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Despite Recent Rains, City Enforces Permanent Water Conservation Program

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Odd-even watering will be the law from now on, and breaking it could cost you some big bucks. Odd-even watering will be the law from now on, and breaking it could cost you some big bucks.
OKLAHOMA CITY -

Heavy downpours boost our water supply, but mandatory water rationing remains in effect for Oklahoma City and most of the metro.

Odd-even watering will be the law from now on, and breaking it could cost you some big bucks. The city wants to remind people that even with our recent rains, homeowners are still under mandatory watering restrictions. It's all part of the city's long term water conservation program.

If you haven't seen Lake Hefner lately, it's almost overflowing. Recent rains have filled Oklahoma lakes, leaving a lot of folks wondering why communities using Oklahoma City water still have strict rules to follow.

"It's easy for our customers to assume with all this rain and because it rained, the water restrictions are over, but that's not the case anymore," OKC Utilities Dept. Spokesperson Debbie Ragan said.

Odd-even watering has been in effect now since January. The city has adopted a progressive water conservation program that means mandatory odd-even water restrictions are permanent.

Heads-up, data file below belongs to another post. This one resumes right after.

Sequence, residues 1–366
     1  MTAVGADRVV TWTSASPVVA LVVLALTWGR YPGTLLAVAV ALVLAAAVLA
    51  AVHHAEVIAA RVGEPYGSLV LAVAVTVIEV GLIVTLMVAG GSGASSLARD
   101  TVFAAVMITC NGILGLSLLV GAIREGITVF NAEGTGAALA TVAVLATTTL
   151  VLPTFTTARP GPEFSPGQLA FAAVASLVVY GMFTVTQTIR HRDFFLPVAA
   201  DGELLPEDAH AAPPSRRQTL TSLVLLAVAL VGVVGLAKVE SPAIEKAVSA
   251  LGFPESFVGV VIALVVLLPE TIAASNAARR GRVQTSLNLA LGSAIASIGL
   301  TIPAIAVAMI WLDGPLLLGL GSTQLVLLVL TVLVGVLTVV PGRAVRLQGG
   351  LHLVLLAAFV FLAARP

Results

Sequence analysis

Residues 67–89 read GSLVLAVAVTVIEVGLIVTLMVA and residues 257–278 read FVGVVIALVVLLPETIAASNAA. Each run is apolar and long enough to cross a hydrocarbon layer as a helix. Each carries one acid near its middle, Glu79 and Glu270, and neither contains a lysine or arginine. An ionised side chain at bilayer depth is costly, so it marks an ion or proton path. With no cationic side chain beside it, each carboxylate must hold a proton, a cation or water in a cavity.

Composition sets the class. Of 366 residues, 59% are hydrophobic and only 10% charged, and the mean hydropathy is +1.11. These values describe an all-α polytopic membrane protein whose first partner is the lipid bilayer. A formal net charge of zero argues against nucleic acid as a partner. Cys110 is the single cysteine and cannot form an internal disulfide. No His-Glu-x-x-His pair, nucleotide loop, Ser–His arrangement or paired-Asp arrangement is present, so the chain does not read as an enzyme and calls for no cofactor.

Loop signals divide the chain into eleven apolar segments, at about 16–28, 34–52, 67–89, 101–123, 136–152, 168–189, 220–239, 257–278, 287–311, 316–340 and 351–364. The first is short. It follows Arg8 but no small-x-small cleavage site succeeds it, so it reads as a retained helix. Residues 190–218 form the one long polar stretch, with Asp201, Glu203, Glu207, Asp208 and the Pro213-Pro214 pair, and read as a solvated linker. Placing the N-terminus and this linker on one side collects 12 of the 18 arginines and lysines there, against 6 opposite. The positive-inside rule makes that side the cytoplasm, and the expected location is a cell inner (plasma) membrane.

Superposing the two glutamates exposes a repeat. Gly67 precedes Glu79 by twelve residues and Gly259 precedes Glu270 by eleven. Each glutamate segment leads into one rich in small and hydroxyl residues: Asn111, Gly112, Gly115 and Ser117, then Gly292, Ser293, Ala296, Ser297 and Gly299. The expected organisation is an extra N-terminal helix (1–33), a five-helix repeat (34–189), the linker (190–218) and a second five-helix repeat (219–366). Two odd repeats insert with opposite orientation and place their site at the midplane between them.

"I believe it needs to be done," resident Bill Barrows says, "because when the water runs out, what are you going to do then?"

Enforcement crews have been busy. They've issued nearly 700 tickets in less than 4 months.

"Whatever it takes, a few people get a few tickets, they hear they're doing it, and everybody will start going by the rules then," Barrows said.

The first offense will cost you more than $100. City leaders say part of the problem is that homeowners forget to reset their automatic sprinkler systems.

"Sometimes the water's just going down the street watering the sidewalks and streets. That's not a good use of our municipal water supply," Ragan said.

While most of Edmond doesn't use Oklahoma City's water, the City of Edmond has adopted the same odd-even watering restrictions.

To learn more about OKC's program, go to www.squeezeeverydrop.com

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